Nathaniel Whitaker was an outspoken Presbyterian minister with a long and wide-ranging career. Between his ordination in 1755 and his death in 1795, Whitaker ministered to five different congregations. His longest tenure was at Chelsea, CT (near Norwich), from 1761-1769, during which he joined Occom on his two-and-a-half-year fundraising tour of Britain. While in Chelsea, Whitaker was very involved in Wheelock's project. The two engaged in frequent correspondence, and Whitaker served on Eleazar Wheelock's Board of Correspondents in Connecticut, as well as on the Board of Trustees of Moor's Indian Charity School. At one time, he was Wheelock's presumed successor, but Dartmouth's Trustees demanded that Wheelock appoint another. Wheelock, in part due to his strongly-held belief that Native Americans were childlike and rash, was convinced that Occom needed an Anglo-American supervisor on his fundraising tour. After several candidates turned down the job, Wheelock selected Whitaker. He proved to be a poor choice; he was, by many accounts, a difficult man to get along with, and many of Wheelock’s British allies, including George Whitefield and the English Trust (the organization that took control of the money Occom raised in England) preferred to deal with Occom, although Whitaker insisted on handling the tour’s logistics. Furthermore, in Britain, Occom was the obvious star of the tour, and it was unclear to many why Whitaker asserted himself so prominently. Whitaker’s poor decisions seriously alienated the English Trust and increased their suspicion of Wheelock’s later dealings and treatment of Occom. He gave the English Trust the impression that they would have control over money raised in Scotland (which was in fact lodged with the parent organization of the SSPCK), and he was the executor of the “Eells Affair,” a plan initiated by the CT Board of the SSPCK to bring the money that Occom and Whitaker raised back to the colonies by investing it in trade goods and selling them at a profit (Eells was one of the merchants who was to help with the resale of goods). The English Trust learned about the plan by reading letters that Whitaker had given them permission to open in his absence, and were immediately shocked. The wording of certain letters made it appear that only a percentage of the profit from the resale of the goods would go towards Moor’s Indian Charity School, but beyond that detail, the English Trust was scandalized at the thought of money raised for charity being invested in trade. The English Trust blamed Whitaker entirely for these affairs, and issued specific instructions for Occom to notarize all documents requiring Whitaker’s signature. In short, they wanted Occom to supervise Whitaker, when Wheelock had envisioned the opposite relationship (both Occom and Whitaker seem to have ignored their instructions, preferring to have as little contact with one another as possible). In 1769, a year after his return to Connecticut in 1768, Whitaker found himself dismissed by his Chelsea congregation (likely because he had spent two and a half years away from them). He went on to serve several more congregations before his death in 1795. Whitaker was an outspoken Whig, and during the Revolution he published several pamphlets on his political opinions.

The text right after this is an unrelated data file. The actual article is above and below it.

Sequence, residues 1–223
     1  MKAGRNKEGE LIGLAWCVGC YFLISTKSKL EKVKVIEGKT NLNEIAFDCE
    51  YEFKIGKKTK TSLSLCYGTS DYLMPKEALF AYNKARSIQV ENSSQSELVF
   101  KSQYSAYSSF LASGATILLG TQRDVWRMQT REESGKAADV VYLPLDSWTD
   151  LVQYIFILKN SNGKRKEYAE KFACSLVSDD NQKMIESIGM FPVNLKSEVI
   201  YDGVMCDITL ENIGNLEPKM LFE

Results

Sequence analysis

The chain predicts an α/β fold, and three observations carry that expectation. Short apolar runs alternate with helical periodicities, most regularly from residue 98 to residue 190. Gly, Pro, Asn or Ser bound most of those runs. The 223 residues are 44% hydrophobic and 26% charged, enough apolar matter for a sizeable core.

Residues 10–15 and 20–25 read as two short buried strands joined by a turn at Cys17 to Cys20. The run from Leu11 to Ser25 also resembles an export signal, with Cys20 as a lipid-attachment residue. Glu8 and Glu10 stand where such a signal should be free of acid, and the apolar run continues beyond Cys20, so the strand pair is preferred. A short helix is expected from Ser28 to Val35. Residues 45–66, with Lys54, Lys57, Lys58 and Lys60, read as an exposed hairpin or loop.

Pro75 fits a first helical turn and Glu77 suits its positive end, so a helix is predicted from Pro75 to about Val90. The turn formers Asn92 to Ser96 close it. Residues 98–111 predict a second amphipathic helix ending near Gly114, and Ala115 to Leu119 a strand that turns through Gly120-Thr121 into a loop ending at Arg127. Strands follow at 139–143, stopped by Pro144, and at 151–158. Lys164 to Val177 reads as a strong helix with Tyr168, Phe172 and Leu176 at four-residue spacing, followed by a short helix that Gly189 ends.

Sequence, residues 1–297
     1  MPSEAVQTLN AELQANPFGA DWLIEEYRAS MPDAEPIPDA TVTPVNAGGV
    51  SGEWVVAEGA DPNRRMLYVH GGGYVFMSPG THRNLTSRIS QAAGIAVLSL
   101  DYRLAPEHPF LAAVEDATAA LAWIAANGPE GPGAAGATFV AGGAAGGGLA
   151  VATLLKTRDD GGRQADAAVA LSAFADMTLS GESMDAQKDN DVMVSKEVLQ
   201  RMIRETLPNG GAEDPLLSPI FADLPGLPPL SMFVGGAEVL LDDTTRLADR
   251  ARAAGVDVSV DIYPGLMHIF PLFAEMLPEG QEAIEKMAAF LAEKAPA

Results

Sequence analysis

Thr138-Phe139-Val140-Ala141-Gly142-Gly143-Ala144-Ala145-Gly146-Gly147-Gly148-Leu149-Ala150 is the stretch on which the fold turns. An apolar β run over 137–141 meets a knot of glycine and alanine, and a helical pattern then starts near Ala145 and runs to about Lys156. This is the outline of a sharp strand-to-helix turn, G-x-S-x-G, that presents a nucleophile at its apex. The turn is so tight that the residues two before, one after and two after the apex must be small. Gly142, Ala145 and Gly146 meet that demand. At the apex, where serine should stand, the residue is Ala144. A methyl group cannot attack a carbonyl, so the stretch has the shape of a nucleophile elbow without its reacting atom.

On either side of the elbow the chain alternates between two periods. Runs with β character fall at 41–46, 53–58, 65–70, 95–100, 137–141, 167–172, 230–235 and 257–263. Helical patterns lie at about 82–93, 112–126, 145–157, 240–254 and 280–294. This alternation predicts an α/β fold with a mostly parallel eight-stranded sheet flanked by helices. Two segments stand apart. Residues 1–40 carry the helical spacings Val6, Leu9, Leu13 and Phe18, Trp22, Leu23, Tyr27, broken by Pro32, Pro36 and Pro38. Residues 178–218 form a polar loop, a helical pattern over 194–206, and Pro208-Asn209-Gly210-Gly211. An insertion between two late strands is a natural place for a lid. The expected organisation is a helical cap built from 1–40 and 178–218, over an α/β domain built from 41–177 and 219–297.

Eleazar Wheelock was a New Light Congregationalist minister who founded Dartmouth College. He was born into a very typical Congregationalist family, and began studying at Yale in 1729, where he fell in with the emerging New Light clique. The evangelical network that he built in college propelled him to fame as an itinerant minister during the First Great Awakening and gave him many of the contacts that he later drew on to support his charity school for Native Americans. Wheelock’s time as an itinerant minister indirectly brought about his charity school. When the Colony of Connecticut retroactively punished itinerant preaching in 1743, Wheelock was among those who lost his salary. Thus, in 1743, he began operating a grammar school to support himself. He was joined that December by Samson Occom, a Mohegan Indian, who sought out an education in hopes of becoming a teacher among his people. Occom’s academic success inspired Wheelock to train Native Americans as missionaries. To that end, he opened Moor’s Indian Charity School in 1754 (where he continued to train Anglo-American students who paid their own way as well as students who functionally indentured themselves to Wheelock as missionaries in exchange for an education). Between 1754 and 1769, when he relocated to New Hampshire, Wheelock trained approximately 60 male and female Native American students from nearby Algonquian tribes and from the Haudenosaunee (Iroquois) of central New York. At the same time, he navigated the complicated politics of missionary societies by setting up his own board of the Society in Scotland for Propagating Christian Knowledge, although he continued to feud with the Boston Board of the SSPCK and the London Commissioners in Boston (more colloquially called the New England Company). By the late 1760s, Wheelock had become disillusioned with the idea of Native American education. He was increasingly convinced that educating Native Americans was futile (several of his students had failed to conform to his confusing and contradictory standards), and, in late 1768, he lost his connection to the Haudenosaunee. With his inclination and ability to sponsor Native American missionaries largely depleted, Wheelock sought instead to fulfill his ultimate ambition of obtaining a charter and opening a college, which he did in 1769. To fund this new enterprise, Wheelock drew on the £12,000 that Samson Occom had raised for Moor’s Indian Charity School during a two-and-a-half year tour of Great Britain (1765 to 1768). Much of this money went towards clearing land and erecting buildings in New Hampshire for the Charity School’s relocation — infrastructure that also happened to benefit Dartmouth. Many of Wheelock’s contemporaries were outraged by what they saw as misuse of the money, as it was clear that Dartmouth College was not intended for Indians and that Moor’s had become a side project. Although Wheelock tried to maintain at least some commitment to Native American education by recruiting students from Canadian communities, the move did a great deal of damage to his public image. The last decade of Wheelock’s life was not easy. In addition to the problems of trying to set up a college far away from any Anglo-American urban center, Wheelock experienced the loss of relationships with two of his most famous and successful students, Samson Occom and Samuel Kirkland (an Anglo-American protégé). He also went into debt for Dartmouth College, especially after the fund raised in Britain was exhausted.